Well, the third book of this series was the best. The character development of Fat Franklin, Uncle Frank, Henry, and Henrietta is amazing. If I ranked the Chestnut King against the other two books, I would have to say it was the best. The picture of resurrection life overcoming death is powerful. I applaud N.D. Wilson's humorous characters (the franks), weak wizards (Henry, Monomouth), use of baseball, movement between worlds, creepy fingerlings, and of course the use of imaginary and real anima ...more
April Knapp
Review Originally posted HERE

This review is for the entire trilogy.

I am not sure if I can put into words how much I LOVE this trilogy. And I am forever grateful to my sister for suggesting it to me and then buying me all three books. THIS is what a fantasy story should be. I can't even believe some people on Amazon gave it less than a 4 or 5. They couldn't have been reading the same books! OK-I will give you some concrete reasons now.

The character development is deep, meaningful and believable.
Elizabeth Newton
Mar 19, 2013 rated it really liked it  ·  review of another edition
N.D. Wilson has written an enthralling finish to the 100 Cupboards series. Although I got a little lost in the second book, I really enjoyed this read. I think the ingredients that created this enjoyment for me were as follows. Firstly, Henry was paired up for a lot of the book with his cousin Henrietta again, and I really enjoy the interaction Wilson writes between those two characters. It was nice to have Henry’s buddy Zeke very prominent throughout as well and him adventuring along with Henry ...more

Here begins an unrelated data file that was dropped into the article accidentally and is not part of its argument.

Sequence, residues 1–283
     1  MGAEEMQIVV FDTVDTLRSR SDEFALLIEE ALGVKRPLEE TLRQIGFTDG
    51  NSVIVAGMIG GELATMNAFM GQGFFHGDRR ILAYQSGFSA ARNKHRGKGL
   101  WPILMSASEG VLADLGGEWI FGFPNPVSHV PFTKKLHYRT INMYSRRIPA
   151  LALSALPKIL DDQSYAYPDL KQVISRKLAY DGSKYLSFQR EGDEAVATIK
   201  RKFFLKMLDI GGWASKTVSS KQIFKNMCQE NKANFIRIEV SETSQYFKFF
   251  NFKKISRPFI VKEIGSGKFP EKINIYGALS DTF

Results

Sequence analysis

Aug 24, 2011 rated it it was amazing  ·  review of another edition
Recommends it for: Ages 13 and up (it was really scary okay!)
WOW!! Just when I thought this series couldn't get anymore exciting, N.D. Wilson really cranked it up! I was held captive by the Chestnut King!! I truly could not put this book down! The entire series really... I read all three books in less than 5 days, while I had 3 kids home for summer vacation! It was an incredible adventure and I was truly swept away into the cupboards again with this third and last book in the trilogy. This book is non-stop action from the very beginning! The author does s ...more
Mar 16, 2010 rated it it was amazing  ·  review of another edition
Who would have thought such lyrical sentences could be written about humble Kansas? I am absolutely captivated by Henry York and his travels throughout the 100 Cupboards. I just started Chestnut King last night and am absorbed already. N.D. Wilson is that rare writer who not only writes beautifully, but captures ones entire attention with his lovely prose! Bravo!
Sep 17, 2017 rated it it was amazing  ·  review of another edition
Creative genius.

Mar 13, 2010 rated it really liked it  ·  review of another edition
Shelves: 2010, 2013
This is the final book of the 100 Cupboards trilogy. It is probably the best of the three. Great reading for all ages.
Britta Roper
Oct 19, 2017 rated it it was amazing  ·  review of another edition
"This world was not the witch's. She did not own the stars, she had not shaped the seas. Her storm could break."

This is not your run-of-the-mill fantasy. It's real, it's moving, it's funny, and it even has a little bit of baseball in there.
I love the way the characters are developed. I love the relationships between the characters and the way they grow individually and grow together as a group. War is depicted, and so is love.

Not the sappy kind of love from romances. The real kind of love betwee
Dec 19, 2017 rated it it was amazing  ·  review of another edition
This is not the most sophisticated review, but here goes:
I read the other two books before I read this then took a month off and read some other stuff. Coming back to the trilogy I found the first third of the book to be slow. To put it nicely. There are just way too many pages ab Henry opening the portal of a cabinet with the strength of the world around him as opposed to physically crawling through a cabinet downstairs. Like, alright. I get it already.
But somewhere around page 180ish, I read a